Exactly How To Give Yourself A Flawless Pedicure At Home
Seriously, no one will know you DIY’d it.
It’s probably an understatement to say that getting a pedicure at a salon feels so freaking good. Especially when they have those awesome massaging chairs…
Of course, that glorious experience comes at a cost. Thankfully, it’s not THAT hard to master an amazing pedicure at home.
Skeptical? Let these beauty experts take you through the step-by-step:
Step 1: Gather your gear
You’re going to need a solid arsenal for your pedi, says beauty expert Skyy Hadley, but you can find most of these at your local drugstore.
Here’s what you’ll need for your home pedicure kit:
- a cuticle remover
- cuticle pusher
- a foot file
- nail buffer
- a toe separator
- an orangewood stick
- nail clippers
- nail file
- nail polish remover
- cotton balls or pads
- a base and top coat
Step 2: Get rid of the old gunk
Grab a gentle nail polish remover and soak a cotton ball or pad. Then, run it over your toenails to remove old polish, debris, buildup, and natural oils from your nails, says nail care expert Lauren Berkovitz, the founder of Lauren B. Beauty.
Step 3: Soak your feet
Fill your tub with warm water and soak your feet in there for about 15 minutes, Hadley advises.
To make the experience more spa-like, add a capful of distilled white vinegar (to cleanse and tone), a few drops of tea tree oil (to banish stinky bacteria), or a few tablespoons of Epsom salts (to help with achy feet). You can even throw in a few slices of lemon, which can help soften your cuticles and calluses and sanitize your feet, says Amy Ling Lin, owner of Sundays nail studio in New York City.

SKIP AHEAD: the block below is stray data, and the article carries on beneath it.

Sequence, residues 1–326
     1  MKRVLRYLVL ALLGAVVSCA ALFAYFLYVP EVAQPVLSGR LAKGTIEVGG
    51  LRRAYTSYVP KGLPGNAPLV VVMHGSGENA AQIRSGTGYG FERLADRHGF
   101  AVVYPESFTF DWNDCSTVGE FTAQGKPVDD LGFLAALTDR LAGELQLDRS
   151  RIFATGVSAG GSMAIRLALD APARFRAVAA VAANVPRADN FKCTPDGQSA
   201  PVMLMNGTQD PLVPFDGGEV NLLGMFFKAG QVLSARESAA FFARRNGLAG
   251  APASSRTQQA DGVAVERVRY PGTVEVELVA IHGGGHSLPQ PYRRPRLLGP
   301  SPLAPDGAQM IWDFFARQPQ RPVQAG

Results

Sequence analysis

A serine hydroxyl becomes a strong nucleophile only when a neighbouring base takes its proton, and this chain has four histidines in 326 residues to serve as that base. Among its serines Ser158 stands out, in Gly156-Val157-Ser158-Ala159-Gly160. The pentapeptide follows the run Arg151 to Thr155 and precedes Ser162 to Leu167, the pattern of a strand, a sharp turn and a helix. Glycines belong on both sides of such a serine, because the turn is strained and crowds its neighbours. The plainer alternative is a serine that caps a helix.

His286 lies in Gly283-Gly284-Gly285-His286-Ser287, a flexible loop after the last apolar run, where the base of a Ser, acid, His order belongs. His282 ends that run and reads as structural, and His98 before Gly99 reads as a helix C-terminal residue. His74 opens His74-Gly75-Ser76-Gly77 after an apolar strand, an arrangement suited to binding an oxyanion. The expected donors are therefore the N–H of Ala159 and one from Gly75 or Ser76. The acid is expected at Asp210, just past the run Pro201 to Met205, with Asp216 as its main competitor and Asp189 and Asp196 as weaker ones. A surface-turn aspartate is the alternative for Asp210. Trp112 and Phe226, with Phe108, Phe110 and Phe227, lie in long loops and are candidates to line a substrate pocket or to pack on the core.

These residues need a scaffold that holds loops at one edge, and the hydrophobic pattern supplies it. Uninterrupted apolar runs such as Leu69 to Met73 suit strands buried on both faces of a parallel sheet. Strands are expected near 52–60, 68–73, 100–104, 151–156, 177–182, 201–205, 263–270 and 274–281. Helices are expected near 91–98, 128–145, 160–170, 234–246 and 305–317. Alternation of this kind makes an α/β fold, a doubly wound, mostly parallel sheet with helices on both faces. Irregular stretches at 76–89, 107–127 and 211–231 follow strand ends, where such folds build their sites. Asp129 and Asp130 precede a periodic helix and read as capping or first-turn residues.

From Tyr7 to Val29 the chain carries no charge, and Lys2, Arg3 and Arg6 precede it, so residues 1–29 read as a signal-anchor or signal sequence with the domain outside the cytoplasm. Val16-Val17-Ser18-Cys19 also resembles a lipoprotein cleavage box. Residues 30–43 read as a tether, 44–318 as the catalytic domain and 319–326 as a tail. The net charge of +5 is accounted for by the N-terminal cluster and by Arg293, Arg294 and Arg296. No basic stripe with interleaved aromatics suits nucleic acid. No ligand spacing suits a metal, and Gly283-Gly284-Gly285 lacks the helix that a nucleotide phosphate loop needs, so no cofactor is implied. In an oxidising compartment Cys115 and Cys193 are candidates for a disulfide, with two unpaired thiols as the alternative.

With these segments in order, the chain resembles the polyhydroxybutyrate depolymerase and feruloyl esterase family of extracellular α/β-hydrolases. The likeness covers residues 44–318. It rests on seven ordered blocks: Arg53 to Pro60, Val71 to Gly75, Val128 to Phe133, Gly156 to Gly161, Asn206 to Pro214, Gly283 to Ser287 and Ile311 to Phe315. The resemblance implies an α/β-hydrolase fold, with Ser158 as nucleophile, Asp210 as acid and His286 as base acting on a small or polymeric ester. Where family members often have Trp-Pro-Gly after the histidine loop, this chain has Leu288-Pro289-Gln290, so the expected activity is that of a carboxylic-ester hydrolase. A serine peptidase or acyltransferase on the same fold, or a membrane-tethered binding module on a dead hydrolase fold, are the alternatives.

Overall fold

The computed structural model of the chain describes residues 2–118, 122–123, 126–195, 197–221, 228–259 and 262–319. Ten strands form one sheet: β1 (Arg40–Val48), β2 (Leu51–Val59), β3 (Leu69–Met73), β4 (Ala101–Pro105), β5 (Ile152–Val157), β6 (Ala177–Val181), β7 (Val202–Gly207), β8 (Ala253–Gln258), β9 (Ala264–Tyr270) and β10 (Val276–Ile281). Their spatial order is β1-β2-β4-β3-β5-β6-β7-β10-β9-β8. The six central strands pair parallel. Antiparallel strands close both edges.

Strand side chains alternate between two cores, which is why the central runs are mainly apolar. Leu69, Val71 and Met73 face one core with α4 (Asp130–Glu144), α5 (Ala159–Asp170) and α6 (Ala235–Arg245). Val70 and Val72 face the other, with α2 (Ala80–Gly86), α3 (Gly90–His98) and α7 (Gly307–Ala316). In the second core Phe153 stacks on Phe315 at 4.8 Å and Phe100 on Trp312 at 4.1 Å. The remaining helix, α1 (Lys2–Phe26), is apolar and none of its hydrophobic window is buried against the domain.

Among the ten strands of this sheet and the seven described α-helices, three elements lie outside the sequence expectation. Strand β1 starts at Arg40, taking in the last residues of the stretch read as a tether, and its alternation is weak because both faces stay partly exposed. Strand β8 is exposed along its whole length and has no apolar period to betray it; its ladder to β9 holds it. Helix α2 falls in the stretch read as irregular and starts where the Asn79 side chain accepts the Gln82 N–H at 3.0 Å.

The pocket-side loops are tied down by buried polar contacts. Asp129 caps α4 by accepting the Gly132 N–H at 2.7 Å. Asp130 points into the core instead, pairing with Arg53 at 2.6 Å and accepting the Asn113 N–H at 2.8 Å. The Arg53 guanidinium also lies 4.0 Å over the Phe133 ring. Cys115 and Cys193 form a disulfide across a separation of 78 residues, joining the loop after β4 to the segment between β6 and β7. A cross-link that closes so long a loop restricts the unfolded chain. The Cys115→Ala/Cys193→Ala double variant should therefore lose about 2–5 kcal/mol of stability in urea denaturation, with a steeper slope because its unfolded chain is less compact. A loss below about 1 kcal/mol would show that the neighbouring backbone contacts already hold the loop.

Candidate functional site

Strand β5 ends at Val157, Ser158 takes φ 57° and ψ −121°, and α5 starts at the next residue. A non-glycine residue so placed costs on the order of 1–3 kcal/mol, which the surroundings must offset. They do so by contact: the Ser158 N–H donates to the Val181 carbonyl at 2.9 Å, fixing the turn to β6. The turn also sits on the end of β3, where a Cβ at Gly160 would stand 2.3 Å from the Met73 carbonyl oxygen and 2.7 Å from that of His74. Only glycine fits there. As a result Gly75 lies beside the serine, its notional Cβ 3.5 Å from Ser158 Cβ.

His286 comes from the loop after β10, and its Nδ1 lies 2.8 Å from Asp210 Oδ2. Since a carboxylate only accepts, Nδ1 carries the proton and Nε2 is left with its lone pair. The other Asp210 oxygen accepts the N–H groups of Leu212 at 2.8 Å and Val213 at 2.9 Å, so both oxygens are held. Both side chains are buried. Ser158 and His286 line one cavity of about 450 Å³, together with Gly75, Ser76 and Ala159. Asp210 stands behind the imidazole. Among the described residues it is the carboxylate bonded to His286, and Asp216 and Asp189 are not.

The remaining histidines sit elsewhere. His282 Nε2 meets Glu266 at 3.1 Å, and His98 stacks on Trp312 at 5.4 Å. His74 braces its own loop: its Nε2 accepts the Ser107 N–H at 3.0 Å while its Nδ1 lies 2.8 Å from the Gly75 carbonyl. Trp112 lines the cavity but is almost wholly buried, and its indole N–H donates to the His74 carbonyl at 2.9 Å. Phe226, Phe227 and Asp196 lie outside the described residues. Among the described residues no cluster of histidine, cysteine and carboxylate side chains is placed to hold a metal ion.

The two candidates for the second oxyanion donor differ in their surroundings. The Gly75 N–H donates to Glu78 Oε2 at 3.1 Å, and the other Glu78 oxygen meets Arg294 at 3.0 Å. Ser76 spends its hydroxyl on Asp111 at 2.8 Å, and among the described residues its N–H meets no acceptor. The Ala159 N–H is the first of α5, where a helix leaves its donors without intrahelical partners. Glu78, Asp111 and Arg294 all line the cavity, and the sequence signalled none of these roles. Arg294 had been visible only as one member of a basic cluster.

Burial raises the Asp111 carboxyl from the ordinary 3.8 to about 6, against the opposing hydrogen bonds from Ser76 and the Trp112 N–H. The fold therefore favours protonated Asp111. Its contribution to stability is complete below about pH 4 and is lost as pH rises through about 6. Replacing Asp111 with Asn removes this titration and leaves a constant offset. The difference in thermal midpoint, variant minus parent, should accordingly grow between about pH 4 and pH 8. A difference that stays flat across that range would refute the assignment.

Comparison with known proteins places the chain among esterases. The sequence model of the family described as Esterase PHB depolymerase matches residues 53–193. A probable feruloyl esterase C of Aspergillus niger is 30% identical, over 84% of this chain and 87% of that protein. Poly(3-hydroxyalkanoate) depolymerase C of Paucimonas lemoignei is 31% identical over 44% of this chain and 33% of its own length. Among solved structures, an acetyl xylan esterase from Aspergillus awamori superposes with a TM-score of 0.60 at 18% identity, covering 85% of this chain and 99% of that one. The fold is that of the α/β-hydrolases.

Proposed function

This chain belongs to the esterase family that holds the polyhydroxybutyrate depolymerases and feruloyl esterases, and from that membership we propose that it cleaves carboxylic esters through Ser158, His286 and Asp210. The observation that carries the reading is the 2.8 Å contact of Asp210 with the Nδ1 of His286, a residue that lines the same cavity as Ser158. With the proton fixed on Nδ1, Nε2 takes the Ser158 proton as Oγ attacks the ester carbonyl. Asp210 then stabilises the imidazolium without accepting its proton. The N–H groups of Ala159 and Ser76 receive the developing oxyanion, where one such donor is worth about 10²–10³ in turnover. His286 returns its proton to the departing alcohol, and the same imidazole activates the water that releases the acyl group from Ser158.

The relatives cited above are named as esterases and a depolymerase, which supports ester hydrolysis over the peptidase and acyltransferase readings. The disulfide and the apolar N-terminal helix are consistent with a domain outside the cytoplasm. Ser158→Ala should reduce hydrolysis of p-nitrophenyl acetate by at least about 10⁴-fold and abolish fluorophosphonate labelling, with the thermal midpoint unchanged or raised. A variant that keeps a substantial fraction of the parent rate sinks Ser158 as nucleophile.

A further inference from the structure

Step 4: Slough off dead skin
Take your feet out of the tub, gently dry them off, and grab a foot file (one option: Ped Egg, $20, Amazon.com), Hadley says. Run the file back and forth across your heels, soles, and sides of your feet to get rid of all the dead skin.
Step 5: Shape up your nails
Using a nail clipper, clip your nails to your desired length, Berkovitz says. You can follow that with a nail file to shape the corners. Then, gently buff your nails with the nail buffer to get rid of ridges that would make polish come out unevenly.
Step 6: Oil up
Apply cuticle oil to the skin around your nails. This helps prevent damage to the cuticle and nail, and will also help your pedicure last longer, Berkovitz says.
Step 7: Moisturize
You’ll want to hydrate your feet and calves with lotion or a foot mask to replenish moisture, Berkovitz says.
Step 8: Paint your nails
Lin recommends using a toe separator to prevent smudging. Then, start with a base coat, Hadley says—this helps the polish stick better to your nails. “Take care to cover the entire nail,” Lin says. “This is the foundation you’re building off of, so take your time to make a smooth surface for the color coat.”
Then, add your favorite nail color. “Apply thin, even layers,” Berkovitz says. “It will make all the difference and you’ll be happy you took the extra time later.”
Be patient! It takes nail polish longer than you’d think to dry. If you rush it, you could end up with a sloppy, uneven finish.
Finish off with a clear top coat to protect it from chipping.
Step 9: Clean up any smudges
If you spot any smudges, Hadley recommends using a nail brush or orangewood stick and polish remover to clean them up.
Explore our treatment products here and stock up on supplies to give yourself the perfect DIY Mani and Pedi.
Read the full article here on womenshealth.com